The Hyundai Motor Group (HMG) has outlined a detailed roadmap in its bid to turn every model on its lineup into “constantly evolving” Software Defined Vehicles by 2025. A strategy that also includes the introduction of two new EV-dedicated platforms.
This new ‘Software Age’ will allow the Hyundai Motor Group to keep vehicles across the Hyundai, Kia and Genesis brands, both new and those already purchased, constantly updated “throughout the vehicle’s entire lifetime” with the latest software updates courtesy of over-the-air (OTA) updates.
This will done via a new Connected Car Operating System (ccOS), currently in co-development with AI specialist NVIDIA – an HMG partner since 2015 – to which new HMG vehicles will be automatically registered. Such is its confidence in the plan, HMG predicts that, by 2025, 20 million vehicles worldwide will be registered to its new connected car service.
Said software updates would include connectivity and infotainment upgrades as expected, as well as improved safety tech and driver assist systems. Most intriguing are updates to “driving performance,” which, rather like the Polestar 2’s recent, OTA ‘performance software upgrade’ from 402 hp to 469 hp, would see power figures boosted remotely across HMG vehicles.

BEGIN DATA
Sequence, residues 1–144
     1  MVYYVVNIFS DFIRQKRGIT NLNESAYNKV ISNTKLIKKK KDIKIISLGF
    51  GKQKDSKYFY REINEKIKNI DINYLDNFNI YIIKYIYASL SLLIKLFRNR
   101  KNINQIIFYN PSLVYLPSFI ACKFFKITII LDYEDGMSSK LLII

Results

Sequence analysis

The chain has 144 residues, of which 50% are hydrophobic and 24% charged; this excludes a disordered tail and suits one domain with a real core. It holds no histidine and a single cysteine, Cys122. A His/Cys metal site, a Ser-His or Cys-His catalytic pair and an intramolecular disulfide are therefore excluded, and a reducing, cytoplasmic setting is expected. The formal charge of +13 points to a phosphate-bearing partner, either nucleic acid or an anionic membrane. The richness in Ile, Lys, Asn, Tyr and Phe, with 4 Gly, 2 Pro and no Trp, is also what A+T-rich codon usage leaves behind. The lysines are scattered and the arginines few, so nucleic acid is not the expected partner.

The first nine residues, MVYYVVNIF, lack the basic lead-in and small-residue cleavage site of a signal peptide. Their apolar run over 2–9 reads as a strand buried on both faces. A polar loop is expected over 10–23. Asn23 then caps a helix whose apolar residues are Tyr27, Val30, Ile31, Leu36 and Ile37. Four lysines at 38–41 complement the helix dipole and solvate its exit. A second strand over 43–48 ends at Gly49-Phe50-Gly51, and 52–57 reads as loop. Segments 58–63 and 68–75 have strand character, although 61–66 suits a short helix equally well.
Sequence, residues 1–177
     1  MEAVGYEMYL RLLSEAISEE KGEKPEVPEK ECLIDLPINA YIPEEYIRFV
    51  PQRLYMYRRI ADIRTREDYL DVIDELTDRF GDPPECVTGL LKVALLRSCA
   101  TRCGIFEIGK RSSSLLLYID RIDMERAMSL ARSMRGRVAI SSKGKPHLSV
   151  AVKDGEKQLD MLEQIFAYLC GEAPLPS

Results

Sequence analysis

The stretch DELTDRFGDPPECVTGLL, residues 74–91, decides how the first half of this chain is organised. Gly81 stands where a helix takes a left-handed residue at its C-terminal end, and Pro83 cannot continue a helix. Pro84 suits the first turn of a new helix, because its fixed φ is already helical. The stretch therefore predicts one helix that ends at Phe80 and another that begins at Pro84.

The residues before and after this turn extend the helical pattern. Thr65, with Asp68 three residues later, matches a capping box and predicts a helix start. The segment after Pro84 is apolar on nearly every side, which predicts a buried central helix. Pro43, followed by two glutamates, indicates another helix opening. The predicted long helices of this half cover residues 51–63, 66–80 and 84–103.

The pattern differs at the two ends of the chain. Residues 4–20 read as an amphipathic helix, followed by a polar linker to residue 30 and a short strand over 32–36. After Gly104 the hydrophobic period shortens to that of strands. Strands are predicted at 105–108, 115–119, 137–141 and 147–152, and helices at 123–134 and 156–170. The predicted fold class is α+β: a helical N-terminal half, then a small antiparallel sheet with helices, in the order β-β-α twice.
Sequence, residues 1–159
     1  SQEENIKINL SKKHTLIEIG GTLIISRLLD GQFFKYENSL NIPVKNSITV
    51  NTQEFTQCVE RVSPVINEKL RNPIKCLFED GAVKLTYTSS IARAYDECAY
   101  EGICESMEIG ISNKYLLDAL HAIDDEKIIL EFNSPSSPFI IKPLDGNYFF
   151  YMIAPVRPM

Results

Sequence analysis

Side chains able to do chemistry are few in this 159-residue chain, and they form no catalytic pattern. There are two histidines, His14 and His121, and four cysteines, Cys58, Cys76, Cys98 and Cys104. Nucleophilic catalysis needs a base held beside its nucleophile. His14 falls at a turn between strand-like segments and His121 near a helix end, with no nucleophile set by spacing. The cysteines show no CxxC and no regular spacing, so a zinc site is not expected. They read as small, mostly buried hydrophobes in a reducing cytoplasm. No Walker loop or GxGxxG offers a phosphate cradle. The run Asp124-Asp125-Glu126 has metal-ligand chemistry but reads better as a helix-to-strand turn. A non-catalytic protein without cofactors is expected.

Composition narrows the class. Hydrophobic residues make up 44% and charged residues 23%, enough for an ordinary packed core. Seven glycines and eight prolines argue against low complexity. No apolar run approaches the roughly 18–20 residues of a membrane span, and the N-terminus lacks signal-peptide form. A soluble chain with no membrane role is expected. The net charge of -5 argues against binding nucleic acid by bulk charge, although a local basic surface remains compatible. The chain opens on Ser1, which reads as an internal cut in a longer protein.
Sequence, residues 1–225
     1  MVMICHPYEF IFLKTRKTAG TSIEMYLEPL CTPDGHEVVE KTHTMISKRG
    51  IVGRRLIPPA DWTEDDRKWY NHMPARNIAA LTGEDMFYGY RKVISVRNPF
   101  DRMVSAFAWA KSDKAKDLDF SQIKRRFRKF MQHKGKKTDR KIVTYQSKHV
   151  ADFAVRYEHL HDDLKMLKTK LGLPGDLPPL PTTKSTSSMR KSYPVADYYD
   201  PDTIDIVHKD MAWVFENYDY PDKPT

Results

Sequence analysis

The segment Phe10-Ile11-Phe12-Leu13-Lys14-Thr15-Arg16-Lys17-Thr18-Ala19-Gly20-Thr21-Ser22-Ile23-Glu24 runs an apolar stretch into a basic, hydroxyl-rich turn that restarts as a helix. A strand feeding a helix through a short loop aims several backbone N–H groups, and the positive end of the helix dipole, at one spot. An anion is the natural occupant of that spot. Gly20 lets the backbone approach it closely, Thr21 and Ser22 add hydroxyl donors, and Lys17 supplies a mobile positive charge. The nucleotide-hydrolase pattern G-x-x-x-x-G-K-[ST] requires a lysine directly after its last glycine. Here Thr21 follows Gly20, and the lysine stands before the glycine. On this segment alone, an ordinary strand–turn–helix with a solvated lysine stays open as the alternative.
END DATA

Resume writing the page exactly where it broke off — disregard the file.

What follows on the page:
HMG has confirmed that 18 trillion won – around $17.4 billion – will be dedicated to the build of a new Global Software Centre by 2030, designed to accelerate development and bolster the capabilities of the Group’s new era of Software Defined Vehicles.
The move, the Group explains, brings with it not just logistical benefits – data gathered by the ccOS can be used to speed up development of self-driving technology – but also residual values too: a ‘used’ SDV that boasts the most up-to-date software and power figures would hold its value more than older models, for example.
Though the scheme could be rolled out as early as next year, with customers able to activate functions through their infotainment systems (and thus opening up another revenue stream for HMG), the Software Age will only start to build momentum upon the introduction of two new EV platforms in 2025, both of which will be fully ccOS compatible.
The first – eS – is being marketed as a ‘skateboard’ for commercial purpose-built vehicles. The second – the flexible eM – has been designed for EVs across all segments, and is being specifically developed to support Level 3 or higher autonomous driving technology.
More significant than that, the Group states that the new eM platform “will provide a 50 per cent improvement in driving range on a single charge” compared with EVs built on Hyundai’s current E-GMP platform.
Alongside the extended range, and unlike the E-GMP, the next generation eS and the eM platforms will feature universal battery and electric motor components across multiple segments, reducing production costs and making vehicle development more efficient in the process.
“The electrical and electronic architecture can be thought of as an organically connected structure that improves the function of a vehicle’s electrical device components,” HMG’s Hyung Ki Ahn explains. “As this architecture significantly reduces development complexity and enables software updates to be carried out effortlessly without any requirement to manually modify the controller, it is ideal for presenting a variety of vehicle segments, and region-specific models tailored for different countries.
“It also enables us to respond flexibly to what consumers want in this fast-changing market.”